LCWR president Kathleen Pruitt, CSJP comments on the potential impact of this study. "Women and Jurisdiction builds on a vision of Church, which emphasized the call of baptism as that which disposes the faithful to exercise influence and leadership within the Church. This is a hopeful, energizing and dynamic look at influence and leadership in an ever-changing Church reality."

To order the book, call LCWR Publications at 1-800-207-7618 or use the order form enclosed in this mailing. 

LCWR 2002 Assembly Theme Chosen

"Leadership in Dynamic Tension" was chosen as the theme for the 2002 LCWR National Assembly at the LCWR Assembly Planning Committee meeting December 14-16 in Washington, DC. Speakers at the Assembly will include keynoter Mary Mahr,SSND, Provincial Councilor, Northeastern Province and poet David Whyte, author of The Heart Aroused: Poetry and the Preservation of the Sould in Corporate America. 

With settlement of the NAACP lawsuit against the Adam’s Mark Hotels, LCWR will go ahead with plans to holds the 2002 Assembly August 17-21, 2002 at the Adam’s Mark Hotel in St. Louis, MO. 

LCWR Vice President Participates in November 17 School of the Americas Protest

While military action continued in Afghanistan, sanctions remained imposed on Iraq, and scenes from September 11 stayed vivid, approximately 7000 protesters gathered in Columbus, Georgia, in the hope that our solidarity would release energy for peace, not just at the gates of Fort Benning, but around the world. In a year when popular opinion is dramatically swayed toward retaliatory bombing, it was good simply to be with thousands of people who believe that nonviolence is the only viable response to violence and that, in the words of buttons and bumper stickers coloring the procession, "peace is patriotic." 

For me, a first time participant in SOA and one who found being there particularly meaningful in the light of my last December’s pilgrimage to El Salvador, I was grateful to sit in the sun-soaked bleachers at Golden Park on Saturday morning, move to the rhythm of the music, listen to the testimonies of those who lost family members in the war in El Salvador, take in Roy Bourgeois’ affirmation that "there is more evidence linking the SOA with the murders in Central America than there is evidence linking Osama bin Laden with the U.S. terrorist attacks," and simply absorb the mysterious life processes that brought me here with such utter conviction. One of the highlights of the weekend for me was Saturday night when about 350 of the approximately 500 women religious present gathered at a United Methodist Church. There we prayed, sang, and listened to the stories of Mary Kay Flanigan and Rita Steinhagen who had been imprisoned for action at past SOA events. A phrase from Rita’s reflections stays with me, "You who have gathered here share the "burden of knowing."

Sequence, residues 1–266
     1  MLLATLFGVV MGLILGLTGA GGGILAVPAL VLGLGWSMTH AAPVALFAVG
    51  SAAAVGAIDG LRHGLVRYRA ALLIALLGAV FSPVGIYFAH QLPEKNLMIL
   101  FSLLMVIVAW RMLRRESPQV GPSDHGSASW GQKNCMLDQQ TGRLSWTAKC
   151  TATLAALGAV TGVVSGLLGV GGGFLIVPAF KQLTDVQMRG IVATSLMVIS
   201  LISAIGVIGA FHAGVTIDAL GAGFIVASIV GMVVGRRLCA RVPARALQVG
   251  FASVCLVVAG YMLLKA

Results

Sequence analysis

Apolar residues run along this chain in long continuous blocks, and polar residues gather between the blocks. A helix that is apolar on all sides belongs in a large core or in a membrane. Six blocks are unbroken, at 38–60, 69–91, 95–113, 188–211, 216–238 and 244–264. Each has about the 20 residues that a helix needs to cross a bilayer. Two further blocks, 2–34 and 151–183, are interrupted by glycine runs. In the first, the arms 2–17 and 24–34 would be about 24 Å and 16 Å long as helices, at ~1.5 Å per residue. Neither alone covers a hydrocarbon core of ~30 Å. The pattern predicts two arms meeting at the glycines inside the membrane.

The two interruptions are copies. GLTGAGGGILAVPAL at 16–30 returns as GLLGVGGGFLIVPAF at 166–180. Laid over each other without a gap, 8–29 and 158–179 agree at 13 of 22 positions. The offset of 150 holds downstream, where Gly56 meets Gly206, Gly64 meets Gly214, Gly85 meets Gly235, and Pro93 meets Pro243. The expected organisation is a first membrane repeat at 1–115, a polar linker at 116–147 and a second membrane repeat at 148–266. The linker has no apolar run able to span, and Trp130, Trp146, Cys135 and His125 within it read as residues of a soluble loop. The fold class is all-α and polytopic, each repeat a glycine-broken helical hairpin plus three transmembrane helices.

On Sunday we participated in a miracle of sorts. It was only on Friday that Judge G. Mallon Faircloth ruled against the City of Columbus and for the SOA Watch. In the same Columbus courtroom where six months ago he sentenced 26 SOA Watch protestors to federal prison, Faircloth, rejecting an injunction sought by the City of Columbus and appealing to our First Amendment rights, ruled that we could conduct our symbolic funeral procession marching down Benning Road to the edge of the historic Army post. And, march we did. We processed for three hours in a reverential silence broken only by the continuous sung litany of the names of those murdered by SOA graduates and by our solemn response, "Presente." We processed toward the fence where we attached crosses, fresh flowers, and banners. Our action transformed the fence into a memorial wall for the victims and deepened our own resolve not to forget.

As the procession made its way down Benning Avenue toward the fence, I stepped out for awhile to take pictures of the stream of people behind me. They walked behind banners that read, Franciscan Sisters, Sisters of Mercy, Sisters of Providence, Dominican Sisters, Sisters of Charity of the Blessed Virgin Mary, Sisters of St. Agnes, Sisters of St. Joseph, Maryknoll Sisters, Sisters of Charity of Cincinnati, Sisters of Loretto, Sisters. . . . It was good to be there; it was good to be there with all of you.